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Financial Accounting Definition
To determine the difference between managerial vs. Financial accounting, first let's discuss what each method involves. Financial accounting helps those people outside of an organization or business understand what is going on financially within it. For example, an investor wants to know if a business is doing well financially before he contributes money to it. Creditors of a company need to know that the business is making a profit before they loan it any more money. Stockholders want to know if their investment will continue to pay off in the immediate future. All these people need information that is only provided through a business' financial accounting records.
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Managerial Accounting Definition
Managerial accounting helps those people inside an organization who operate as its day-to-day managers and in other leadership roles. These managers need information on a daily basis, not a monthly or annual basis, which is what financial accounting reports provide. Managerial accounting collects, analyzes, and provides daily accounting information reports to various entities within the organization to help it define, plan, and achieve its short and long-term goals.
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Financial Accounting Reports
Likely, you are more familiar with the terms used to identify financial accounting reports than managerial ones: balance sheet, income statement, monthly financial statements, and monthly financial forecast reports, as well as year-end financial statements. If you operate a small business that employs very few employees, the financial accounting reports will more than likely suffice for your accounting needs.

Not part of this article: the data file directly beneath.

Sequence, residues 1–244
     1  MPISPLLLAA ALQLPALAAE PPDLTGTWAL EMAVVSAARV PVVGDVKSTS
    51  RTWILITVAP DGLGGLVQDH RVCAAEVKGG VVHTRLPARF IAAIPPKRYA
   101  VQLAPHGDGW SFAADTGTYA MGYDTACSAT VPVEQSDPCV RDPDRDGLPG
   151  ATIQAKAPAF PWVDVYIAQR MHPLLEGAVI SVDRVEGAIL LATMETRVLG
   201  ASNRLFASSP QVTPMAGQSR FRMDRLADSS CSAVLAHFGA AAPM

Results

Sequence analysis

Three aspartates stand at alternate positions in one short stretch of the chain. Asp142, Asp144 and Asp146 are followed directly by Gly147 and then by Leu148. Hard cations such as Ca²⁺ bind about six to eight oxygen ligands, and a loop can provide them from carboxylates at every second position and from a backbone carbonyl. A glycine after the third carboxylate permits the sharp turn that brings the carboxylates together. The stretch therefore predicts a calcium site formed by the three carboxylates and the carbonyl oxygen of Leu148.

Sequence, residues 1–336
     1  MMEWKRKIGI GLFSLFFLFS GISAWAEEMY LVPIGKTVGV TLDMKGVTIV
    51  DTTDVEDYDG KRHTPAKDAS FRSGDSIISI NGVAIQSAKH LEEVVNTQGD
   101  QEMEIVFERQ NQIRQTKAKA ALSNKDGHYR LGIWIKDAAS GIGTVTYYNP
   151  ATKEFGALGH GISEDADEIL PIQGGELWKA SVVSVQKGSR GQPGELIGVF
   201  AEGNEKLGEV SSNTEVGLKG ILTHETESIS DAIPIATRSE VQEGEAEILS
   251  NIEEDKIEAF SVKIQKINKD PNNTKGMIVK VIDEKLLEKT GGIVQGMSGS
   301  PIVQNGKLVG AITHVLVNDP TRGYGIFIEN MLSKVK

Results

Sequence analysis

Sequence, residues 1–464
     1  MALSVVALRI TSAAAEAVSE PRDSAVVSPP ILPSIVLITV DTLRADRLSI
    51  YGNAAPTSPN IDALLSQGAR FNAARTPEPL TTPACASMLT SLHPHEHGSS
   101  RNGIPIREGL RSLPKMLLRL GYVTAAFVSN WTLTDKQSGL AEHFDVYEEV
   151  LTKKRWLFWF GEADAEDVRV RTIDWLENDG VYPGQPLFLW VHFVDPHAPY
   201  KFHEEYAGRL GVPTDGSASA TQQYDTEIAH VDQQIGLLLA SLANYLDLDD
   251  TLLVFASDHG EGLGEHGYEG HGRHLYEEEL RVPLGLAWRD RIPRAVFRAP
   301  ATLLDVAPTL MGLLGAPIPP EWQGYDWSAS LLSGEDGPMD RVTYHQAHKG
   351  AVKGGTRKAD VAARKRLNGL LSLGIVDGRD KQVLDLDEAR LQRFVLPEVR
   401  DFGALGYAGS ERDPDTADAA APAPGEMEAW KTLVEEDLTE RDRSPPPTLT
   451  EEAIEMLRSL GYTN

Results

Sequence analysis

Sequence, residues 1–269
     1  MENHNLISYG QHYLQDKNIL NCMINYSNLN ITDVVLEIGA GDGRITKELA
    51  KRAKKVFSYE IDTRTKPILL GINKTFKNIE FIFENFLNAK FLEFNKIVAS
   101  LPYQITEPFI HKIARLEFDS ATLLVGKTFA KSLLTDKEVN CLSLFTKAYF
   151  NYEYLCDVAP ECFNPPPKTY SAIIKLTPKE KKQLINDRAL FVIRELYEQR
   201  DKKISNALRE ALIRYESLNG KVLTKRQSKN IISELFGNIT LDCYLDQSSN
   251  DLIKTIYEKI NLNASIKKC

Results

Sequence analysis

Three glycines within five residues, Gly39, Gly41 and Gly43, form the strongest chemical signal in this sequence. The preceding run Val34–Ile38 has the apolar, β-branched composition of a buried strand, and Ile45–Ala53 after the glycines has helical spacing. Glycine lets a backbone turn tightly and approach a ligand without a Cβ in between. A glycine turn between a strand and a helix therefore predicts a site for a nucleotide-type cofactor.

When it comes to managerial vs. financial accounting, your lender will need these financial accounting reports in order to help you obtain loans you may need for your company initially, as well as during the businesses continued operation. However, if you sell items that must be produced by your company through the use of machinery, you could benefit from managerial accounting too. Large companies need financial accounting reports as well, even if they also use managerial accounting reports.
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Managerial Accounting Reports
Managerial reports are prepared to aid managers in revealing information about the company's business progress during a set period of time. For example, knowing exactly how much of an item the business has in inventory can aid a manager in staying appropriately stocked. Running out of a high sales item is bad business. Managers need to be able to make sure inventory matches customer demand. Orders received reports and inventory reports help them to do that.
Likewise, order backlog reports allows a manager to see just how many overtime hours--or new hires--will be needed to help the company meet customer demands more promptly. Managerial reports also do this.
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A significant difference between managerial vs. financial accounting revolves around legal requirements. If a business operates on the selling shares for its company, it is mandatory that financial statements be prepared per the Securities and Exchange Commission (SEC). However, managerial accounting reports are not mandated.
Financial accounting reports have to be prepared and submitted annually to tax authorities, and they have to be prepared based on GAAP (generally accepted accounting principals). This is not something that a person can get around. It is a legal requirement, as it is an effort to prevent fraudulent information from being presented about any business' financial picture. Managerial accounting, however, is a choice. It can be done or not done, based upon the preference of the company.